I notice that you publish “traditional and experimental styles.” Do you pride yourself on that mix? This seems rather unusual. Many journals seem to aim for one or the other.
Yes, we cast our net widely! I would find exclusively advancing a particular style both artificial and artistically limiting. If the works published in AQR have certain characteristics, they are freshness, honesty, and a compelling subject. The voice of the piece must be strong - idiosyncratic enough to create a unique persona. I look for the demonstration of craft, making the situation palpable and putting it in a form where it becomes emotionally and intellectually complex. One could look through our pages over time and see that many of the pieces published in AQR concern everyday life.
We're not asking our writers to go outside themselves and their experiences to the absolute exotic to catch our interest. I look for the experiential and revelatory qualities of the work. I will, without hesitation, champion a piece that may be less polished or stylistically sophisticated, if it engages and surprises me. The joy in reading such a work is in discovering something true.
Having said that, I’m not saying a specific focus can’t be valid as well. The Bellevue Review (BLR) has a focus on health. I’m very interested in what some term narrative medicine and the nature of narrative and healing. In fact, I’ve developed a website that features “Narrative & Healing” for the University of Alaska Anchorage. The site is called LitSite Alaska and it explores the power of narrative to contribute to learning, healing and well-being. In fact, BLR editor-in-chief, Danielle Ofri generously contributed a wonderful article, Poetry in Medicine: Take Two Sonnets and Call Me in the Morning.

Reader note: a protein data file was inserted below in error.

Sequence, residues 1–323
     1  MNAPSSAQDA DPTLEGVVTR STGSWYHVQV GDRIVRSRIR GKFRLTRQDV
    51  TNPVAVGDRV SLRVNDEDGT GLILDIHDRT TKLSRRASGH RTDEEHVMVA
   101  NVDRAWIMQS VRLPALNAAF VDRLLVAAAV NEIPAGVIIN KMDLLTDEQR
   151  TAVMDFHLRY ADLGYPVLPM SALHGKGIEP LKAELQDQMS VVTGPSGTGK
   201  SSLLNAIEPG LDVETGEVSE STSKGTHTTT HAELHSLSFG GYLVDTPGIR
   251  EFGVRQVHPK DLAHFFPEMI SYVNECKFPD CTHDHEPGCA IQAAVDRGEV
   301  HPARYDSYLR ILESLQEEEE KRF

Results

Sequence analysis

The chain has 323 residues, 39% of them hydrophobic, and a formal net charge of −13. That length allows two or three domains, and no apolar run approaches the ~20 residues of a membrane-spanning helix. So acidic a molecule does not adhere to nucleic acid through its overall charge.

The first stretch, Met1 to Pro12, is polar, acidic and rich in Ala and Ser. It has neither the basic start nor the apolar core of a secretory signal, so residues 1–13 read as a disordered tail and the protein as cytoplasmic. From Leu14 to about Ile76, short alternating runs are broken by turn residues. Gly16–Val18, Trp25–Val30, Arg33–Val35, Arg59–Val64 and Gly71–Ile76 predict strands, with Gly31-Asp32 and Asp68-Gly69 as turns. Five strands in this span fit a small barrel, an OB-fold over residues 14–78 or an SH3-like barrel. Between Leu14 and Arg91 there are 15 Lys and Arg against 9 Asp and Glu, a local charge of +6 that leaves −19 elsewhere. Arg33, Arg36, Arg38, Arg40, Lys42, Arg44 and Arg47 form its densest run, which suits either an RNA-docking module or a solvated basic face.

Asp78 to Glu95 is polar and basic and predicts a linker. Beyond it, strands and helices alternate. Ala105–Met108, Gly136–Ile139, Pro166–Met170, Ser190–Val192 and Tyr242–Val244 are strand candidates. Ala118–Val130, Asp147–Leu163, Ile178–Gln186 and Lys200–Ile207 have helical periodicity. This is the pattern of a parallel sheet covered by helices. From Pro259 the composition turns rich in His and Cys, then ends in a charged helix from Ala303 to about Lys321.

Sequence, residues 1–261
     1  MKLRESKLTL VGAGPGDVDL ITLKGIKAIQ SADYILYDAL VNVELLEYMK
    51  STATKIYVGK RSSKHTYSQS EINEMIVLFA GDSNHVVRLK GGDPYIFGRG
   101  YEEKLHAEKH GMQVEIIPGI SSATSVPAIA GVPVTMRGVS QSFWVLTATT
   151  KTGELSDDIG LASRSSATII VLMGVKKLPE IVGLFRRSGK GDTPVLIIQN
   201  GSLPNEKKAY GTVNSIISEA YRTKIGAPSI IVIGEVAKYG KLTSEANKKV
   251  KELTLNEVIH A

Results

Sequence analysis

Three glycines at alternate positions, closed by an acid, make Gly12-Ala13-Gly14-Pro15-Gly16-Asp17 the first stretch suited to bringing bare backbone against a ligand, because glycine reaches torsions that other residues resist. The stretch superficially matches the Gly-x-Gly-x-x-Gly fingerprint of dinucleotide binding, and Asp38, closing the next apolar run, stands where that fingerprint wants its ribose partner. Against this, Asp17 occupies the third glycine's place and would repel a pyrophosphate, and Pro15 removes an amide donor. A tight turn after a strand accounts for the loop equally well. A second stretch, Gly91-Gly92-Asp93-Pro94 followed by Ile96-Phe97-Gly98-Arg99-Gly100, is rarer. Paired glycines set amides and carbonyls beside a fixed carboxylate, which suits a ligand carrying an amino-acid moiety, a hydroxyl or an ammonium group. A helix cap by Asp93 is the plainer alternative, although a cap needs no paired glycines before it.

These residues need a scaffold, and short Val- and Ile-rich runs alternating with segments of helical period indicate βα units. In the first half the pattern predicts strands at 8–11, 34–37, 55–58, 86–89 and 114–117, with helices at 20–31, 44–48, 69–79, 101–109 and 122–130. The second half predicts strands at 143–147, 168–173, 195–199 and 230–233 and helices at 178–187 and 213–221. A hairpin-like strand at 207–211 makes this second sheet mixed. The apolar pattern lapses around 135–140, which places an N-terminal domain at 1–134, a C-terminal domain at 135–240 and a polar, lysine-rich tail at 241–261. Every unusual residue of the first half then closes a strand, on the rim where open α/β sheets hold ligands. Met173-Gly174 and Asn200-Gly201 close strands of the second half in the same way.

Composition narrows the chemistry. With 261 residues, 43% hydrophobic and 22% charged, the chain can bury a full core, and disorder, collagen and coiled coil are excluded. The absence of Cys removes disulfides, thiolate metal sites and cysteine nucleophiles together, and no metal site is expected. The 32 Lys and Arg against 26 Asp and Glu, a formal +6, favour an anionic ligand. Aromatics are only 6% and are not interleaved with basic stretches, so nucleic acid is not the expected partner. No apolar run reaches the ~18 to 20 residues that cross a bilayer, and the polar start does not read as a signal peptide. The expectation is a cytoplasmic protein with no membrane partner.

Alaska is a unique state, partly in being isolated from the rest of the US geographically and out of the cultural mainstream. I would think one of your aims would be to fill in that vacuum. (I went to U. of Arkansas, and remember how much the university was a cultural center). Comments?
Yes, Alaska is certainly in a league of its own-- a young state—only 51 years old. Its massive and extraordinary geography with a small population—roughly 700,000 people—and its reliance on natural resources unquestionably frames its frontier identity. Although Alaska is indeed very far away from the nation’s cultural media centers, it is not necessarily out of the cultural mainstream (although I’m not sure what the term cultural mainstream means).
If one focuses on Alaska’s cultural diversity, one sees a different picture. For example, English is not the first language for many students within the Anchorage School District -- 87 languages are spoken. Throughout the state, Alaska Native cultures and their rich heritages also play significant roles. So in my view the issue is not one of a cultural vacuum that needs filling but rather an issue of geographic and cultural divides that need to be bridged. In that respect, Alaska Quarterly Review makes an important contribution; it has connected Alaska to the larger literary world for 28 years.